Sunday, January 21, 2024

Metamorphoses Cantos IV and V - gore, Pyramus and Thisbe, and a rap battle

Bacchus continues his reign of terror in Canto IV of Metamorphoses by turning three sisters who refuse to believe in his divinity into what “we in English language Backes or Reermice call the same” (Golding, 99) “[Or, as we say, bats.]” (Martin, 140).  How sad that we lost the word “reermice.”  But what is new here is that the three sisters, before their transformation, tell stories that also feature transformation, one after the other, the most famous of which is Pyramus and Thisbe.

The Pyramus and Thisbe story is not a mythological story but a tragic romance of the ludicrous sort, as Shakespeare saw perfect for travesty.  Charles Martin shifts his rhetoric to emphasize the ridiculous side of the story (warning: gore ahead):

  “It was as when a water pipe is ruptured

where the lead has rotted, and it springs a leak:

a column of water goes hissing through the hole

and parts the air with its pulsating thrusts;

splashed with his gore, the tree’s pale fruit grows dark;

blood soaks its roots and surges up to dye

the hanging berries purple with its color.” (Martin, 128)

This just-so story about why mulberries turn purple is the bit of Ovid Willa Cather borrowed for O Pioneers! (1913).  Shakespeare for some reason omits theses special effects (“With the help of a surgeon he might yet recover and prove an ass”).  Somehow Arthur Golding’s translation does not sound so silly.  But Martin has A Midsummer’s Night’s Dream behind him; silly is the only way to go.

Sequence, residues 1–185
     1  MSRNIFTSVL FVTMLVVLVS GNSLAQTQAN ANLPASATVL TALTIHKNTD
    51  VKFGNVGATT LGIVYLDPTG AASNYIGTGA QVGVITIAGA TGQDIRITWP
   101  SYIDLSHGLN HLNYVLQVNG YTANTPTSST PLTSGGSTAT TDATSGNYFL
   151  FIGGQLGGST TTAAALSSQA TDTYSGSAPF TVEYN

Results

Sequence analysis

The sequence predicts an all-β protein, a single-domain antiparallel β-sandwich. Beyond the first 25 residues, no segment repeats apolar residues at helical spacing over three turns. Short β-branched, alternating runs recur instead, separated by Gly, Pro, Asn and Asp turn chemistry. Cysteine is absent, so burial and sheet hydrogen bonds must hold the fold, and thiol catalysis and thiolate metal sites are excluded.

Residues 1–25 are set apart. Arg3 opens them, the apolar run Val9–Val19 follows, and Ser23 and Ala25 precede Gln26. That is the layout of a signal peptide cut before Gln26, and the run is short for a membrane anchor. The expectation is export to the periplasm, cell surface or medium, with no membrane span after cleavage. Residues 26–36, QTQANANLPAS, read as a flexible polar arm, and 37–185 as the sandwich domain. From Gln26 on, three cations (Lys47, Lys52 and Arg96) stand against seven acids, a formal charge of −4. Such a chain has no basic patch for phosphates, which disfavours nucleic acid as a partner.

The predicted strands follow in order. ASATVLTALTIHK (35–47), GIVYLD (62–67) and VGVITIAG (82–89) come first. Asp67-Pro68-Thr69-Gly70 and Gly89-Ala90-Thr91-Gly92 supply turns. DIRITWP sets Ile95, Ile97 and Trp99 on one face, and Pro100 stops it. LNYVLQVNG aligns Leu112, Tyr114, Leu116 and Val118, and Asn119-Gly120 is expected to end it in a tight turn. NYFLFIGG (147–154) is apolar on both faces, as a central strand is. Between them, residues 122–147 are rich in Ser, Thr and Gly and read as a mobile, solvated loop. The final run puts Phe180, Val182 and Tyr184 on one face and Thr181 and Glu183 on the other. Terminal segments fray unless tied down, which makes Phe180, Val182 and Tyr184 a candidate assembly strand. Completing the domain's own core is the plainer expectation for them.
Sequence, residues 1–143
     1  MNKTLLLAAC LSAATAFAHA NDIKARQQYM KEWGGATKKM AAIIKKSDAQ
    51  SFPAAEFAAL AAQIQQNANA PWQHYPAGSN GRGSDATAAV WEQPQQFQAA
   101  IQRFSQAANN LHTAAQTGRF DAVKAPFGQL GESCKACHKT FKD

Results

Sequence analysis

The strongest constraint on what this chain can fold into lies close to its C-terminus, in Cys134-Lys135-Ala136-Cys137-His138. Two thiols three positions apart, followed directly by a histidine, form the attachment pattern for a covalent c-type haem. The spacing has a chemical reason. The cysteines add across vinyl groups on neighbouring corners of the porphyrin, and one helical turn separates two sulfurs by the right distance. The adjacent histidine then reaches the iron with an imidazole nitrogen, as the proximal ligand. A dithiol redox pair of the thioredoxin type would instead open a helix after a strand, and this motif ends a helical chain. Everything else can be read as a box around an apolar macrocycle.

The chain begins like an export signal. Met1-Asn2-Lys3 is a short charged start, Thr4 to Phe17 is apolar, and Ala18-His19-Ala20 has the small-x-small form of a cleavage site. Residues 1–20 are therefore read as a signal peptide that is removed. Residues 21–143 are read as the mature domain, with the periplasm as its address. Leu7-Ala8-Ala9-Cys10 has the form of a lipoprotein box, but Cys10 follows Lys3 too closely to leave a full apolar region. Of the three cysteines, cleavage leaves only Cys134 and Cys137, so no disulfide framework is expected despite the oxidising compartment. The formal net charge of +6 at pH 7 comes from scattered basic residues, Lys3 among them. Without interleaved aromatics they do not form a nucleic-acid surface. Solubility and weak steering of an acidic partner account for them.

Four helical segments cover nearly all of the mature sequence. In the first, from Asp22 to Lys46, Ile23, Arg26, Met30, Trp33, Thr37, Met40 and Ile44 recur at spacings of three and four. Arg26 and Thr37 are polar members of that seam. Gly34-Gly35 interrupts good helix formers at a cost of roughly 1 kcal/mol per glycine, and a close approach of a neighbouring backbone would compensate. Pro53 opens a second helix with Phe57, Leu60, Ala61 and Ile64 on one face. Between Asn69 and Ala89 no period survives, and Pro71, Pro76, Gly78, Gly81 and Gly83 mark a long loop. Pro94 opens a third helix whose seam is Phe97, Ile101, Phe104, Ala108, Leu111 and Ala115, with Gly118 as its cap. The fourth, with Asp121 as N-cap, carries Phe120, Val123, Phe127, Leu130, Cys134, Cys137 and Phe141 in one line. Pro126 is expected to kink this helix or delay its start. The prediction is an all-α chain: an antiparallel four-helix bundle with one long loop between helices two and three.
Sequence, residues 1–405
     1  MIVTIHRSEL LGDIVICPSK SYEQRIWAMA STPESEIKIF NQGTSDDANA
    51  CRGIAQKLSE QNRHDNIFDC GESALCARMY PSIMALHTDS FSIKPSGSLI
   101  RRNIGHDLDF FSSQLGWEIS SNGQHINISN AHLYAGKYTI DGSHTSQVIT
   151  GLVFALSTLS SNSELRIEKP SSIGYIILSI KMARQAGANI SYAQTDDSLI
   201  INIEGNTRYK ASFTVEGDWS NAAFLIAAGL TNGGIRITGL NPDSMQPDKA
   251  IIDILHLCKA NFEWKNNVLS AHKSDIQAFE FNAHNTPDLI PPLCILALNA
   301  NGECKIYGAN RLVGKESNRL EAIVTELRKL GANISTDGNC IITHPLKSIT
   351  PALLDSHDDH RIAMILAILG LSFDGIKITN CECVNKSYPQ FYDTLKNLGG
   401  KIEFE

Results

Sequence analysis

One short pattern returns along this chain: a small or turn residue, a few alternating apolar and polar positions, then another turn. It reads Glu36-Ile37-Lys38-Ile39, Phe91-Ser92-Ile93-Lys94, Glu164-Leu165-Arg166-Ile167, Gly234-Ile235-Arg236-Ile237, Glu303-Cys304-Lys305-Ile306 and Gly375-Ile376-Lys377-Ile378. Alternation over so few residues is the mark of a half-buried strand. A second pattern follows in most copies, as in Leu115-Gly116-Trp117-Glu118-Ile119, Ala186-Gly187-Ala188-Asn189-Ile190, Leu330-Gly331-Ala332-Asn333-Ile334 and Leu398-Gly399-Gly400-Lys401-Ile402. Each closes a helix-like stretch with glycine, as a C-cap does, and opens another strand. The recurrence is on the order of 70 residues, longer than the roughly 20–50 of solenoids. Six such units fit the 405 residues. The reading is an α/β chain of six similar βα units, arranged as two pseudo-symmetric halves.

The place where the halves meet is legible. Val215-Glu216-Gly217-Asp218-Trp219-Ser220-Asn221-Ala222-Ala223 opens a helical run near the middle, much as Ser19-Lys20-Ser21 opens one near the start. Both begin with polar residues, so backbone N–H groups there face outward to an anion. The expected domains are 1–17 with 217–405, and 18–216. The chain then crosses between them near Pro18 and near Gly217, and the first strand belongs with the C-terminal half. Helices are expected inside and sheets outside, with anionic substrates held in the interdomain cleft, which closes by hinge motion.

The Canto ends with another romance, this time purely mythological, the Perseus story, full of metamorphoses, not just everyone turning to stone from Perseus’s super-weapon, but the creation of coral, another just-so story tossed in.  The Perseus saga shifts, in Canto V, to another parody of Homer and other epics, an insane scene of mass slaughter as gory as a Hollywood action movie, and part of the joke is that the scene goes on forever, ten blood-soaked pages in Martin.  One poor schmuck dies when his sword rebounds into his own throat.  Like an action movie, it is not just the number of kills, but the variety.

Every fifth book of Metamorphoses ends with a performance, in this case two, a song contest.  Martin shifts meters, letting one side rap and giving the other a loosey-goosey irregular five-beat line that somehow feels closer to Golding’s long lines but without the rhyme.  That’s how Ovid delivers the story of Proserpina (another just-so, why there is winter).  The rap is not in today’s style, but more like that of “Guns and Ships” from Hamilton, or maybe “Lazy Sunday.”  The rappers, challenging the Muses themselves, lose the battle and are turned into, what else, birds, magpies according to Golding,

Now also being turnde to Birdes they are as eloquent

As ere they were, as chattring still, as much to babling bent. (Golding, 135)

Ten cantos left.


  1. I'm increasingly liking your quotes from Golding quotes, although Humphries has been fine for my first read. As I think Ovid is becoming one of those writers you return to regularly, like Pope, Swift, Hardy, and Tolstoy, I am planning on reading the Golding version in my next read of Metamorphoses.
    I try to kid myself I am a slow but deep thinker, but as I age I'm beginning to think I'm plain daft. I asked if your cantos were the same as my books, but as soon as I picked up my copy, I realised I only had to check your post against my book. I should have thought to do this before, but tonight after a Zoom talk on Sabine Baring-Gould I shall go through all the Ovid posts with my book and pencil in hand. I've been lightly annotating my copy and there are a few points that you have made that I want to add.

  2. Golding is significantly harder to read, because of the archaic language if nothing else, but he was a real poet. I am not adept at hearing the connections to Shakespeare's language, but it is pleasing to be in the same poetic world.

    I'm eager to hear your thoughts. I hope to write about Books 6 and 7 tomorrow.